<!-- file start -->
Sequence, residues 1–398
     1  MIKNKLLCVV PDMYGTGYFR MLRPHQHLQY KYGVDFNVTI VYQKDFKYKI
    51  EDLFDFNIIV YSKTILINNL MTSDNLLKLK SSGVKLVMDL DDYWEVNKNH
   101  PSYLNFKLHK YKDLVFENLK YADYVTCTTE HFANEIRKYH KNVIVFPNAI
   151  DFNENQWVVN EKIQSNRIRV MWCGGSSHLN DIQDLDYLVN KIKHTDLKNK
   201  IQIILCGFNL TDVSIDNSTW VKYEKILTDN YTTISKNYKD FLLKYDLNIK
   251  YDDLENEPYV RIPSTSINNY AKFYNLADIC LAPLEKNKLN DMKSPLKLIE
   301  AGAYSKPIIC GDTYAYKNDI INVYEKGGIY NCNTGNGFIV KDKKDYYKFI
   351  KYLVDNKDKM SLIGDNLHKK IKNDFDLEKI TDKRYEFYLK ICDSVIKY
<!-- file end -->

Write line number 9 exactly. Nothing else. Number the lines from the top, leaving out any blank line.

   351  KYLVDNKDKM SLIGDNLHKK IKNDFDLEKI TDKRYEFYLK ICDSVIKY